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The lack of civility in public life these days is regularly commented on. The often vicious rhetoric that opposing sides in current national debates fling at each other ought to be a cause for profound concern. God’s people, finding themselves “in the midst of a crooked and twisted generation,” are meant to “shine as lights in the world, holding fast to the word of life” (Phil. 2:15–16). However, we are often tempted to justify the kind of toxic engagement that we so deplore in the secular culture. If we in the church want to critique the way that public engagement happens in our national life, we must make sure that as we do so we are living by our own professed biblical standards. One of the key things that we need to consider in this regard is Jesus’ teaching on this subject in Luke 6:28. The Lord said, “Bless those who curse you, pray for those who abuse you.”

Jesus’ Example

The Lord Jesus exemplified both zeal for the truth and a deep love for people. Christ is often held up as an example to follow, however, by people who seem to enjoy giving offense and want to tear others down with their salty rhetoric and pejorative epithets. For example, there is a well-known meme that features a picture of Jesus clearing out the temple and notes, “If someone asks, ‘What would Jesus do?’ remind them that turning over tables and breaking out whips is a possibility.”

Jesus Himself exemplified what it means to “bless those who curse you and pray for those who abuse you.”

Paul’s perplexed exasperation with the false teachers in Galatia is also sometimes presented as a model for emulation, especially when he says, “I wish those who unsettle you would emasculate themselves!” (Gal. 5:12). This is taken, along with the Old Testament prophets’ pronouncing woes upon people, as carte blanche for us not simply to speak clearly and passionately against error but to insult and excoriate and attack our political or theological enemies. This, of course, wrongly assumes that the words of Paul and the prophets were actually personal insults and not divinely inspired words of confrontation.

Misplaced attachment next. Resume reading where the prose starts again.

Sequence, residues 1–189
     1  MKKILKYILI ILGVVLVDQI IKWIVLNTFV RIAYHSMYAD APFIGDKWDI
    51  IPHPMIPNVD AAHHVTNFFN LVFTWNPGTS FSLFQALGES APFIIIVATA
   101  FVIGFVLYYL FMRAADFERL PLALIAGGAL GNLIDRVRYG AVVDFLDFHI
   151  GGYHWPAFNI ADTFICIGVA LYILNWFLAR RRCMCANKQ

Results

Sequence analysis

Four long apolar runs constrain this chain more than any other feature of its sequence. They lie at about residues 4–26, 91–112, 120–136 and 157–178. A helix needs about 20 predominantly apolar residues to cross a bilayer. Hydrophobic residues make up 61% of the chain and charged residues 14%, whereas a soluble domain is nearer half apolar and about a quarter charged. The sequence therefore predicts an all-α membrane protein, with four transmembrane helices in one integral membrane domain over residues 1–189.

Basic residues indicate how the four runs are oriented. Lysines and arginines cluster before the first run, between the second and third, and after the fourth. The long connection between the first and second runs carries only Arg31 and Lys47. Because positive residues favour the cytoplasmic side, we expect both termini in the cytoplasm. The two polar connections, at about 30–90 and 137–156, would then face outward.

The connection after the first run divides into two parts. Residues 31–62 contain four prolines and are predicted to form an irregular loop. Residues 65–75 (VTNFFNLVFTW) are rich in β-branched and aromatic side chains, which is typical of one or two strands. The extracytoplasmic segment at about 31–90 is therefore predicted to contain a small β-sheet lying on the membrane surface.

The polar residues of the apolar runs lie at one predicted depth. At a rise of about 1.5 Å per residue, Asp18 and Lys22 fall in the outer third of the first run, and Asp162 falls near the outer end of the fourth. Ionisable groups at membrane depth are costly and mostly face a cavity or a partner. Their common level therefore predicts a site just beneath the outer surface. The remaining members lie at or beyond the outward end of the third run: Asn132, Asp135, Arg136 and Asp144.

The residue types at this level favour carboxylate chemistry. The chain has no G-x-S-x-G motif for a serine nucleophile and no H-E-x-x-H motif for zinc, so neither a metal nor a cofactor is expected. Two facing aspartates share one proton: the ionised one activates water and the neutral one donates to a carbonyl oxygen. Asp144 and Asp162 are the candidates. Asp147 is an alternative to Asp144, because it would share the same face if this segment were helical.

It is interesting that there is no sense in Acts that the Apostles chose Jesus’ forceful cleansing of the temple as the model for their own stance toward religious opponents, even after His unjust death at the hands of the temple establishment. In Acts, physical violence and verbal abuse are directed against Christian leaders but never undertaken by them (4:3; 5:18; 7:58; 16:19; 17:5–6).

In Luke’s gospel, Jesus rebuked James and John for even suggesting retribution against those who rejected Him (9:51–55). He certainly did not give a deservedly harsh answer to every ridiculous thing said or done against Him, as we might be tempted to do. Even as He was unjustly crucified, it could be said of Him, “When he was reviled, he did not revile in return; when he suffered, he did not threaten, but continued entrusting himself to him who judges justly” (1 Peter 2:23). He Himself exemplified what it means to “bless those who curse you and pray for those who abuse you” (Luke 6:28). Even as they crucified Him, He prayed, “Father, forgive them, for they know not what they do” (23:34).

Our Words

In our own polemics and public engagement, we would do well to meditate more on this aspect of the Lord’s example, not to mention His intense prayerfulness (Matt. 14:23; 26:36; Mark 1:35; 6:46; 9:29). I am not suggesting that we ought simply to be silent. Yet we are neither divine, all-knowing, and sinless saviors nor Apostles of Christ with prophetic insight and revelation.

So, we ought to be more wary of too quickly claiming to imitate Jesus and the godly authors of Scripture before we have heard their strictures on harshness, discourtesy, and disproportionate argumentativeness. Let’s attempt to do as they say before we boldly permit ourselves to do as they occasionally did. And maybe, just maybe, the world will take note of the One we claim to follow as we bless and pray for those who oppose us—a very countercultural thing to do.

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From the August 2020 Issue
Aug 2020 Issue